Amanda Simpson, Vice President, Research and Technology (R&T) at Airbus Americas, is responsible for establishing the strategic direction and funding opportunities for partnerships with scientific and research communities in North America. She holds a Master of Science degree in Engineering from California State University, Northridge and a Master of Business Administration degree from the University of Arizona. She is an Associate Fellow of the American Institute of Aeronautics and Astronautics, where she served on the Systems Engineering Technical Committee.

Paula Bontempi

Dr. Paula Bontempi has been a biological oceanographer for over 25 years. She earned her Ph.D. from the University of Rhode Island's Graduate School of Oceanography. She moved from the faculty at the University of Southern Mississippi's Department of Marine Science to NASA Headquarters in 2003. She spent over 16 years as the program manager for Ocean Biology and Biogeochemistry at NASA Headquarters, before becoming the Earth Science Division's Acting Deputy Director in 2019. She is Program Scientist for the MODIS instrument, Suomi NPP and PACE missions, and the GLIMR instrument. She has taught the Earth Science module of NASA's astronaut training class. In 2019 she received the biennially-awarded AGU Ocean Sciences award that recognizes outstanding leadership or service to the ocean sciences, and was elected a Fellow of The Oceanography Society in 2019 for outstanding and sustained contributions to oceanography and educating and mentoring students and early career scientists. She moves to a new position in August 2020 as the Dean for the Graduate School of Oceanogrphy at the University of Rhode Island.

Ben Marchionna

Ben is currently the Director of Global Operations at SkySpecs, a venture-backed (Series C) commercial drone startup in Ann Arbor, MI focused on at-scale autonomous robotics technologies, machine learning, and data analytics in the wind energy industry. Since launching its autonomous drone inspection product in April 2017, SkySpecs has safely inspected over 100,000 wind turbine blades - both onshore and offshore - at more than 750 wind farms on 5 continents; more flight hours per airframe than any other commercial drone startup in the world.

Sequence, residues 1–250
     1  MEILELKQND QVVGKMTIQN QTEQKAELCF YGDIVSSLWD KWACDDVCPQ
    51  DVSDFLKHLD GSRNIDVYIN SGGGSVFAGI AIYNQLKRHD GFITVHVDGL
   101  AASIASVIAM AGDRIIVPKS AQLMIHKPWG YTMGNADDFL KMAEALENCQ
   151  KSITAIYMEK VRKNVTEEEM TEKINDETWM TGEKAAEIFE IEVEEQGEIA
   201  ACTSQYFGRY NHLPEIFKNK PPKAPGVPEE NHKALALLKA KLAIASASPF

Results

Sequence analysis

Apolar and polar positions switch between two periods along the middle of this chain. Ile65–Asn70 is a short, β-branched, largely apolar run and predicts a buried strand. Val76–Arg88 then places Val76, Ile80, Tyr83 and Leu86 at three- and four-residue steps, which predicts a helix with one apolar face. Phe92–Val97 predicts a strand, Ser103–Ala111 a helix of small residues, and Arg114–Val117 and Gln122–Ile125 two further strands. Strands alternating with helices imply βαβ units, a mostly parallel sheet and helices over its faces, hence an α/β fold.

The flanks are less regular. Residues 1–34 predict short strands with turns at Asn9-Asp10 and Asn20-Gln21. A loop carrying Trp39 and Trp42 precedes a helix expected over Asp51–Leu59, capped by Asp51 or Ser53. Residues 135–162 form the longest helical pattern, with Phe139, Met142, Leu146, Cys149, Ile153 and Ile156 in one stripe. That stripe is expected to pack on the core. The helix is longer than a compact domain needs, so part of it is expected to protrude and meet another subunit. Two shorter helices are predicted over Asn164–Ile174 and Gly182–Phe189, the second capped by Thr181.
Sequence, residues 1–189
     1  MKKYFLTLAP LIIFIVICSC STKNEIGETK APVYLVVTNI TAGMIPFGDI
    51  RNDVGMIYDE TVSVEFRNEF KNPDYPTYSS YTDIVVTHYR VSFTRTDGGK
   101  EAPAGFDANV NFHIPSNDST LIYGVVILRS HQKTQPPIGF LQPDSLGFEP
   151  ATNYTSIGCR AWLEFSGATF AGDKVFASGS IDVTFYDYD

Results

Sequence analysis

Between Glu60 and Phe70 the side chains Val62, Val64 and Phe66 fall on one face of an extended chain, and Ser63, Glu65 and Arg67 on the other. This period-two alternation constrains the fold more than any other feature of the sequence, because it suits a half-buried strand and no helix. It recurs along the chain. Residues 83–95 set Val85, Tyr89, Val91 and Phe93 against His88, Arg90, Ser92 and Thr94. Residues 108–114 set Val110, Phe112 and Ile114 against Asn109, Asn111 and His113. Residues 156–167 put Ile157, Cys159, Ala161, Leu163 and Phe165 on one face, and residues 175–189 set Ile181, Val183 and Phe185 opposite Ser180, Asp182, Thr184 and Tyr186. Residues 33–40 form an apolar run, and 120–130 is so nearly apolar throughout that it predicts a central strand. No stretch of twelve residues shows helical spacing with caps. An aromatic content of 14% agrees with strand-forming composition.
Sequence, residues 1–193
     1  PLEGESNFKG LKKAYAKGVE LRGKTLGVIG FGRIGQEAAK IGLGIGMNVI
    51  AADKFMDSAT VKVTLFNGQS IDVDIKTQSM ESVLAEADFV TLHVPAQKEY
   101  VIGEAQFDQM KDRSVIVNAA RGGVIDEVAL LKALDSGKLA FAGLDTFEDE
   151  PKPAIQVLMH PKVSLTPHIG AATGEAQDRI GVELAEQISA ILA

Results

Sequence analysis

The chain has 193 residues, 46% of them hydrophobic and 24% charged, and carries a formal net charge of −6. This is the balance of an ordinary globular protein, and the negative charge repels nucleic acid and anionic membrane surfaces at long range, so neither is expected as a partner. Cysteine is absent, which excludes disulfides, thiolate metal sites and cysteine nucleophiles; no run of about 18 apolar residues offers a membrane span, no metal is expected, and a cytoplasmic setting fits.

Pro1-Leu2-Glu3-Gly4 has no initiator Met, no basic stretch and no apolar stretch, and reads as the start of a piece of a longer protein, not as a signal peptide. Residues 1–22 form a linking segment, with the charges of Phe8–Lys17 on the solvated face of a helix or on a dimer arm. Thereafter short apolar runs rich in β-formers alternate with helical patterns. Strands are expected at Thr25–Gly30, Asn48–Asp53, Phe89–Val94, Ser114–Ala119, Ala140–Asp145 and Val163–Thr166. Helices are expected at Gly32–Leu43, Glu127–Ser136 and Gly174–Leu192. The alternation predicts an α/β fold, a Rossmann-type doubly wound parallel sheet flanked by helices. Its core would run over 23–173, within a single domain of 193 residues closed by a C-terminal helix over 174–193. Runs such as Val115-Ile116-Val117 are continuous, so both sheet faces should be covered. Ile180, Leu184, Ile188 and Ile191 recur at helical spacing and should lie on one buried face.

In his current role, Ben is honored to lead a stellar team of 150+ pilots, engineers, technicians, analysts, and operations specialists around the world in the planning, execution, and global scaling of SkySpecs programs and products - encompassing Field Operations, Flight Operations, Technical Operations, Data Operations, and Special Projects.

Prior to SkySpecs, Ben was a Senior Systems Engineer and graduate of the Engineering Leadership Development Program at the famous Lockheed Martin Skunk Works in Palmdale, CA. While at the Skunk Works, Ben worked on a variety of revolutionary autonomous aircraft projects from conceptual design through flight test. He graduated from the University of Michigan in April 2011 with a BSE in Aerospace Engineering and from the University of Southern California in December 2014 with an MS in Product Development Engineering.

Outside of work, Ben serves on the Industry Advisory Board of the University of Michigan's Department of Aerospace Engineering. Ben was elected to the Board of Directors of the American Institute of Aeronautics & Astronautics (AIAA) in 2015, making him the youngest Director in AIAA's 85-year history. He has also served as Vice President of the nonprofit Los Angeles County Air Show, Inc.